Nettle also produces hypotensive effects by acting as a vasodilator and increasing nitric oxide production which dilates blood vessels. Some of the compounds in nettle may act as calcium channel blockers which relax the heart muscles making it easier to pump. The plant contains substances that mimic insulin by lowering the body’s blood sugar. Like the root, the leaves contain anti-oxidants that help the body to combat aging by lowering free radicals. In a 2004 study, nettle exhibited anti-microbial activity against 9 common bacteria and yeast populations that frequently infect humans including staph, strep, candida, and e-coli.

Primarily, nettle is used as a tonic or nutritive. Both oral traditions and numerous articles describe nettle as a holistic, nutritious food and drink with multiple benefits including clearer skin, more energy, improved hair condition, and greater health. This is most likely due to the abundance of vitamins, minerals, amino acids and other needed compounds contained within the plant. Nettle is also nearly non-toxic to humans though there are those that develop allergic reactions to the plant.


Nettle stems can be eaten and used with the leaves while young. The best time to harvest nettle stems is after a few months’ growth. These older stems are tough and fibrous and can be used like hemp or spun into yarn. Many of us use nettle yarn in weaving.

ActionsAstringent                                            tonic/nutritive

antiseptic                                           trophorestorative

diuretic                                               antihistamine

alterative                                            decongestant

anti-inflammatory                          anti-oxidant

anti-microbial                                  anti-ulcerative

anti-fungal                                        analgesic


Leaf and root (fresh or dried) used for tea, tincture, or encapsulated

Young leaves and plants eaten or juiced

Seeds eaten fresh or dried or added to food.

Seeds can be tinctured as well.

Dosage and Safety


Tea- Infuse for 10 to 15 minutes 1 to 3 tsp dried per cup of hot water. Can drink up to 3 times a day. Some sources say to decoct the nettle for more than 20 minutes rather than infuse to release more minerals (Lindsey Goodwin, 2019 and The School of Evolutionary Herbalism, Issue 2, pg.20 – links in reference section).

Tincture – For dried nettle – 1:5 in 40% alcohol, 2.5 to 5 ml three times a day (Hoffman 2003). For fresh leaves – 1:3 in 75% alcohol, 1 to 3 ml per day (Country Grind Quarterly)


Sold in capsule form as supplements with the recommended dose of 300 to 900 mg. Tincture – 1:5 in 45% alcohol, 2 to 6ml three times a day (Hoffman 2003)


Start with small amounts of fresh seeds up to one teaspoon a day.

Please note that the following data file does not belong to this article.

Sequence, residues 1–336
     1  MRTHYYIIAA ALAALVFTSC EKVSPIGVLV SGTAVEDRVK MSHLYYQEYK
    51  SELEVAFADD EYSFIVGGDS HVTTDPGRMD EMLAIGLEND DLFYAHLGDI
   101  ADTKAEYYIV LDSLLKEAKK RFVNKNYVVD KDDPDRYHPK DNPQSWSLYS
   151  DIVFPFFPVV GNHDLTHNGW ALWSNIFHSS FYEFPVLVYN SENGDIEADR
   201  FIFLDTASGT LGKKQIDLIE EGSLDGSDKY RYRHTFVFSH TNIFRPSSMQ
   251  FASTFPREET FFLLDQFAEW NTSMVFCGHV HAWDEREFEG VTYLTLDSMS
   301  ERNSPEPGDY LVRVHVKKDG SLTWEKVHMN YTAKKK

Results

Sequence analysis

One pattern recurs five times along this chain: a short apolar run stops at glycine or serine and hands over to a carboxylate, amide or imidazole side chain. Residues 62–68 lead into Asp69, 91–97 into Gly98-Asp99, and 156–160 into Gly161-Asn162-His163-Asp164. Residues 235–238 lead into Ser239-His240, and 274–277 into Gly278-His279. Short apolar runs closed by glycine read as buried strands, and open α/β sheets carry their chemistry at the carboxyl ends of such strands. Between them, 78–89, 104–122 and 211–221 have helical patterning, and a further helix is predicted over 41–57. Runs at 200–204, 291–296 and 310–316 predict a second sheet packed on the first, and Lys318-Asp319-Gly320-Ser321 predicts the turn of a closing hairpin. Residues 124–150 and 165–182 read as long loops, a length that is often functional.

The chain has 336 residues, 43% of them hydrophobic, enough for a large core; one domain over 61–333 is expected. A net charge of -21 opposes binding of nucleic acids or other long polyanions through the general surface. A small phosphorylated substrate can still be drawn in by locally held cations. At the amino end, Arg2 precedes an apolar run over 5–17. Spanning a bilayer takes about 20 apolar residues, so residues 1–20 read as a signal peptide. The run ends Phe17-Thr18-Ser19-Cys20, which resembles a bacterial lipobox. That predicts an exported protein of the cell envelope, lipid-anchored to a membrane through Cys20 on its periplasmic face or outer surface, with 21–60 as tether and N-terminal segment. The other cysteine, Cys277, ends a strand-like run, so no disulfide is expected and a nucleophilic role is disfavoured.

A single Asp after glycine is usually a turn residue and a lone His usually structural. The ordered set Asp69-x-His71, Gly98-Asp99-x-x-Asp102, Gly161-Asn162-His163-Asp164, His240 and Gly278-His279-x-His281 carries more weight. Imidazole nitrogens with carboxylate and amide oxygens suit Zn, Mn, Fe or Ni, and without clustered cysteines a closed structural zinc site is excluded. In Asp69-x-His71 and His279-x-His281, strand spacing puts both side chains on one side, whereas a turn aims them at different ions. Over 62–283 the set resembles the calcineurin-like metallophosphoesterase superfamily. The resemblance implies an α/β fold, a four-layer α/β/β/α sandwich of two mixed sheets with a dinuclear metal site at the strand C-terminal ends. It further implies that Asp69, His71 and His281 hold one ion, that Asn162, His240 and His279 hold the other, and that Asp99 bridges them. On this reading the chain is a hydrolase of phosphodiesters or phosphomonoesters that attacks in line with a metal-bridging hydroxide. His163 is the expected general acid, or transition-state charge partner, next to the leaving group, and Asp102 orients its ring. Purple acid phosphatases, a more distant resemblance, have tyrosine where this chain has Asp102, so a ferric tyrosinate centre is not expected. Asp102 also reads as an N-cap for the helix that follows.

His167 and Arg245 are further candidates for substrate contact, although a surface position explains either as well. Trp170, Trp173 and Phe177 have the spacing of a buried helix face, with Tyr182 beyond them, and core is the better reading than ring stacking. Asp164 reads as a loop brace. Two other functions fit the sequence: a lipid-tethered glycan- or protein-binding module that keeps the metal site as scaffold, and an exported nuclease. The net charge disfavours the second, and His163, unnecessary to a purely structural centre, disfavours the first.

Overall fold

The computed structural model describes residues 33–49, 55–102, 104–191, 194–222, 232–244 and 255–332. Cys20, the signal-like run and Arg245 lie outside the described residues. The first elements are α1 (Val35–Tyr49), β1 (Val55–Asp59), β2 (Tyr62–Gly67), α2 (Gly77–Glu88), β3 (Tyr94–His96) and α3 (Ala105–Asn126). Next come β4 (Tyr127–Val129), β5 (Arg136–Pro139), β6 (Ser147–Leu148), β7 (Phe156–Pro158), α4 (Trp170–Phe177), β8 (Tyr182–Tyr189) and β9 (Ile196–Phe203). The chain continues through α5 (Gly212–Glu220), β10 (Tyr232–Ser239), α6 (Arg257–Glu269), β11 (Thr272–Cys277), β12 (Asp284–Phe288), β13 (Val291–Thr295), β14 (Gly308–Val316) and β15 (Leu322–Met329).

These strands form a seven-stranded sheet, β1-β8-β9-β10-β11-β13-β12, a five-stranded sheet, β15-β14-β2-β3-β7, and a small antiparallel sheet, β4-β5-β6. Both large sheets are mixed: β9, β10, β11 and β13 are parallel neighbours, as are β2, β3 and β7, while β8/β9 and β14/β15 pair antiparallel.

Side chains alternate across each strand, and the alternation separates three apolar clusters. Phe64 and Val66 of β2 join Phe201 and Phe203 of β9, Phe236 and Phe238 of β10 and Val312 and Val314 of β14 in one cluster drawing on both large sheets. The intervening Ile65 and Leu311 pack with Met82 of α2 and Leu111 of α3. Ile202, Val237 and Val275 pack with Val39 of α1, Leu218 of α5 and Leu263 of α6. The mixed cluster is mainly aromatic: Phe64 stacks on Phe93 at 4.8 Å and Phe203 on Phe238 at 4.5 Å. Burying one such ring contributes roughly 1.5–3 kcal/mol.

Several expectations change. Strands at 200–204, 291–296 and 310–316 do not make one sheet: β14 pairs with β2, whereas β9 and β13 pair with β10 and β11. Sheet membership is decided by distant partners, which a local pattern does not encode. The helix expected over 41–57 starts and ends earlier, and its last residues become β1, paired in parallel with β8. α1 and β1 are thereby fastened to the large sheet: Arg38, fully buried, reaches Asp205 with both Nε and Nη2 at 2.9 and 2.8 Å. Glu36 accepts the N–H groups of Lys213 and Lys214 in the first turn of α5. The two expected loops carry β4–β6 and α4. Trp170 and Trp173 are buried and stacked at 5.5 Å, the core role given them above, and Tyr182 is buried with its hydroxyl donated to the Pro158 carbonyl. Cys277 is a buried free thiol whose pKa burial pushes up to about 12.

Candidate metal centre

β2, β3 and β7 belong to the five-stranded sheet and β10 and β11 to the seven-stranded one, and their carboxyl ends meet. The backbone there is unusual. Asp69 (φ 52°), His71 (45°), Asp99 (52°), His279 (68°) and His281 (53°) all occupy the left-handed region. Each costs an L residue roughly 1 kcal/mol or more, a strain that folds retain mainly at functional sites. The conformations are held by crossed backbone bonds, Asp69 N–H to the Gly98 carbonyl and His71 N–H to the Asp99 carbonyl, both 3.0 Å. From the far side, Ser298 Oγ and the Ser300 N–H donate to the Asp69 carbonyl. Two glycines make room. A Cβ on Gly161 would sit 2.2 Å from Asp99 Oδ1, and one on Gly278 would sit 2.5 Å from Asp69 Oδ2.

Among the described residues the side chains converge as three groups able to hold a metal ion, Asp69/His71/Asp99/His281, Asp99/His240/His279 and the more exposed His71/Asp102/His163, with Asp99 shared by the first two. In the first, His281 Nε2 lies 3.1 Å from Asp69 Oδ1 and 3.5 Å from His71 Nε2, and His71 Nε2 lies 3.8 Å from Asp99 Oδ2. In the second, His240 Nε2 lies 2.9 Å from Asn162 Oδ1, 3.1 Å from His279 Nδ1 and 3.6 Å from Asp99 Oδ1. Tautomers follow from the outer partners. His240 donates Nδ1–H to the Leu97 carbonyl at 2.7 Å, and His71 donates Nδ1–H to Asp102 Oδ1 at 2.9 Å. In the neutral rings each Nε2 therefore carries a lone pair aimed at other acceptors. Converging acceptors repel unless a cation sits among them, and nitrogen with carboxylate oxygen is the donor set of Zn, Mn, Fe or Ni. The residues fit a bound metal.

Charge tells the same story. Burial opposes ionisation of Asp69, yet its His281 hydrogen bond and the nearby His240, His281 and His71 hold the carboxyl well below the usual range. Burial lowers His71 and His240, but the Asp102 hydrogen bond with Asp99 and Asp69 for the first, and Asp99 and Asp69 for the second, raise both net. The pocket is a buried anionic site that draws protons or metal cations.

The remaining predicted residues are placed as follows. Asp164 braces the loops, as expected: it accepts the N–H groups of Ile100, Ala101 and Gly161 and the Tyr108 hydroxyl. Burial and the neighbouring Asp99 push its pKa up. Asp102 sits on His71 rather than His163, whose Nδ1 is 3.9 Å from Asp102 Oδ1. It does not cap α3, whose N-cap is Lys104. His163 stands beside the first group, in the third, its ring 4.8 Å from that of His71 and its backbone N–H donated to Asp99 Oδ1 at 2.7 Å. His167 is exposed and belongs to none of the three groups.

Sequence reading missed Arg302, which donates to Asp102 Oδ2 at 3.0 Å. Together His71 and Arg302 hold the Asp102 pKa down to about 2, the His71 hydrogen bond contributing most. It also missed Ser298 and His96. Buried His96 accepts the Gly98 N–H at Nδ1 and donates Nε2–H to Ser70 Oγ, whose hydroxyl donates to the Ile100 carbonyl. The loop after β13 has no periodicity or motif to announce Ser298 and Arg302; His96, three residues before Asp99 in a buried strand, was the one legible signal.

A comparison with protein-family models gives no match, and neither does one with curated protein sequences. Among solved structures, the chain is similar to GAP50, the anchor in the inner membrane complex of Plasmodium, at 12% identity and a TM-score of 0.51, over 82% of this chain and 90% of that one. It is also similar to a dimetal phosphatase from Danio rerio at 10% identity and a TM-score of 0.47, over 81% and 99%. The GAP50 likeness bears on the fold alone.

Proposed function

TasteSalty and astringent (tastes like grass!)

Some report that Dwarf Nettle (urtica urens) has a sweet taste. (Upton 2012)



Neutral – Some herbalists describe nettle as cooling (when used to reduce inflammation, for example) while other herbalists describe nettle as warming (as when boosting the circulatory system).


Gulcin, Ilhami,,Antioxidant, antimicrobial, antiulcer and analgesic activities of nettle (Urtica dioica L.), Journal of Ethnopharmacology, 90 (2004), 205-215.

Upton, Roy, Stinging nettles leaf (urtica dioica L.): Extraordinary vegetable medicine, Journal of Herbal Medicine, 3 (2013), 9-38.

Borchers, Andrea T., et al., Inflammation and Native American medicine: the role of botanicals, American Journal of Clinical Nutrition, 72 (2000), 339-47.

Rayburn, Keith, et al., Stinging Nettle Cream for Osteoarthritis, Alternative Therapies, 15 (2009), 60-1.

Yang, Cindy L.H., et al., Scientific Basis of Botanical Medicine as Alternative Remedies for Rheumatoid Arthritis, Clinic Rev Allergy Immunol, 44 (2013), 284-300.

Riehemann, Kristina, et al., Plant extracts from stinging nettle (Urtica dioica), an antirheumatic remedy, inhibit the proinflammatory transcription factor NF-kB, Federation of European Biochemical Societies Letters, 442 (1999), 89-94.

Broekaert, Willem F., et al., A Chitin-Binding Lectin from Stinging Nettle Rhizomes with Antifungal Properties, Science, 245 (1989), 1100-1102.

Gulcin, Ilhami, et al., Antioxidant, antimicrobial, antiulcer and analgesic activities of nettle (Urtica dioica L.), Journal of Ethnopharmacology, 90 (2004), 205-215.

Chrubasik, Julia E., et al., A comprehensive review on nettle effect and efficacy profiles, Part I: Herba urticae, Phytomedicine, 14 (2007), 423-435.

Chrubasik, Julia E., et al., A comprehensive review on nettle effect and efficacy profiles, Part II: Urticae radix, Phytomedicine, 14 (2007), 568-579

Randall, C., et al., Randomized controlled trial of nettle sting for treatment of base-of-thumb pain, Journal of the Royal Society of Medicine, 93 (2000), 305-309.

Hoffman, David, Medical Herbalism: the Science and Practice of Herbal Medicine, Healing Arts Press, ochester, VT (2003).

Hoffman, David, The Complete Illustrated Herbal: A Safe and Practical Guide to Making and Using Herbal Remedies, Barnes & Noble Books, New York, NY (1999).

Meredith, Leda, Northeast Foraging, Timber Press, Portland, OR (2014).

Falconi, Dina, Foraging & Feasting: A Field Guide and Wild Food Cookbook, Botanical Arts Press, LLC, Accord, NY (2013)

Internet Sources